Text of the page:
When we all learned about someone killing nine followers of Jesus Christ in the Emanuel African Methodist Episcopal Church in South Carolina, some said it was the most unbelievable and unimaginable thing possible. Inside a church? After a bible study?  People tried to label it – a hate crime, a terrorist act, perhaps something unable even to be labeled. But today the headline on CNN spoke the truth, as it quoted the Reverend Norvel Goff as saying that, “No evildoer, no demon in hell or on earth can close the doors of God’s church.” Indeed, this attack was brought on by evil. It was a part of the spiritual war.

This ministry is not geared toward people who aren’t followers of Jesus Christ. It’s called “Arming the Saints” because it’s main goal is to help followers of Jesus recognize the supernatural, and to react accordingly. And if you’re a follower of Jesus Christ, then you believe in the Bible and what the Bible teaches. And if you believe in what the Bible teaches, you should see the truth of recognizing something demonic at work inside the church in South Carolina.

The Bible is clear that we’re in a spiritual war: “For our struggle is not against flesh and blood, but against the rulers, against the authorities, against the powers of this dark world and against the spiritual forces of evil in the heavenly realms.” (Eph. 6:12). Knowing this, if someone would have asked me where some of the heaviest fighting would be, I would have said, quite confidently, inside our churches and against God’s people. There’s nothing unimaginable about a demon wanting to come into a church to harm followers of Christ. It’s exactly what I would expect.

Now, I’ve been in a lot of church buildings, and I’ve been in more than I’d like to mention with some demonic presence. I know it sounds bad, but it happens (virtually always unintentionally), and so I’ve done my share of rebuking demons even inside what we like to think are some of our most hallowed buildings. But I’ve also been in church buildings with such an incredibly strong covering of prayer and rebuking that no demonic presence can even get close. And, please, don’t get me wrong. I am by no means saying that any of the people in the Emanuel African Methodist Episcopal Church did anything wrong. They are Saints, losing them is a horrible loss, and I only hope that when I go, I go like them – praising Jesus Christ while facing down evil with the knowledge of God’s grace and an awaiting eternity.

But a spiritual issue requires a spiritual response. So when you hear the natural world talk about how to keep this “unimaginable” thing from happening in the future, remember that Ephesians 6 gives us the true answer: “Therefore, put on the full armor of God, so that when the day of evil comes, you may be able to stand your ground, and after you have done everything, to stand.”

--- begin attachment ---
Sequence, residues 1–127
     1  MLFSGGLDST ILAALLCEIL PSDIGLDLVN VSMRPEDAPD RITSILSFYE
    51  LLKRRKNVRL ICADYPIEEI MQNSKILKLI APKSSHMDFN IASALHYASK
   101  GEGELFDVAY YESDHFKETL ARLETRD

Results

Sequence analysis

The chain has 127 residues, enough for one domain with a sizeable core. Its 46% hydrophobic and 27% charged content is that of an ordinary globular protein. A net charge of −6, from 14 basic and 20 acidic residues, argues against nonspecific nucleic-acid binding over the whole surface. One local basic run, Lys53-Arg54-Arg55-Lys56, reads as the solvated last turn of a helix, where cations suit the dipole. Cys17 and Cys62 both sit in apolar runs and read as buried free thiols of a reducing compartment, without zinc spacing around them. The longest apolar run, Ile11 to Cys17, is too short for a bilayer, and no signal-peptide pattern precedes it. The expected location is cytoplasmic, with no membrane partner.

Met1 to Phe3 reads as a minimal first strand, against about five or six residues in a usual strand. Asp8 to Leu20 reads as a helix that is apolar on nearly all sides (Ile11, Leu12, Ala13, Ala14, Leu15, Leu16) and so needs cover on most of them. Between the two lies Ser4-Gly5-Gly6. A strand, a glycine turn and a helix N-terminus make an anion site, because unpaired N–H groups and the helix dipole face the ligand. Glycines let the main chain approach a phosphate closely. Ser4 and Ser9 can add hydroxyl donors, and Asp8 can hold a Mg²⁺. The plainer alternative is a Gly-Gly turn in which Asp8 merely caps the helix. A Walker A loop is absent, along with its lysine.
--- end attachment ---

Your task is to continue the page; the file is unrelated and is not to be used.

May God bless and show His infinite grace to all persons.

Priorities

This is a moment of truth. Denise has been so busy that she asked me to take over writing about God. Then I became so busy myself that I had a hard time doing it, too. But that’s unacceptable.

I was recently reminded of what really matters when I was out of town at yet another gathering to talk about criminal justice reform. It’s what I do for my day job (piano just doesn’t always pay the bills), and so I travel around the country trying to get justice leaders to take more of a compassionate look at how they treat people who get wrapped up in the criminal justice system.

At that particular gathering, a prosecutor – clearly upset at having someone like me questioning how he does his job – asked me (in a tone that only a prosecutor can take), “How do you define ‘justice’”?

He interrupted me to ask it, and the question clearly was designed to throw me off, because that’s a tricky term for anyone to define. There are regular dictionary definitions, legal definitions, famous people definitions, and collaborative definitions, but I asked him, and he made it clear that he wanted my personal definition of the word justice.

And for a second, it did throw me off. But at that moment a small voice inside me (quite obviously the Holy Spirit) said, “Just tell him the truth.” And so I did. I said that I was a Christian, and because I had a biblical worldview, I defined justice in a way that would honor God. I told them that perhaps the best way to encapsulate it would be through an articulation of the Golden Rule.

Well, a few things happened because of that. First, it silenced the prosecutor. It’s hard to argue against the Golden Rule, right? Second, several people came up to me afterward and said, essentially, that they were followers of Jesus, too, but they thought that I’d been brave to say it out loud. I hadn’t thought it as brave – I just figured it was what the HS wanted me to say. Third, I started getting some flak from people who didn’t think I should have said it at all. I fretted about that last thing a bit, but then I quickly remembered Matthew 10:32, which says, “Whoever acknowledges me before men, I will also acknowledge him before my Father.” It was then that I realized that I had done a bit of ministry that night, and that it was worth any negative consequences.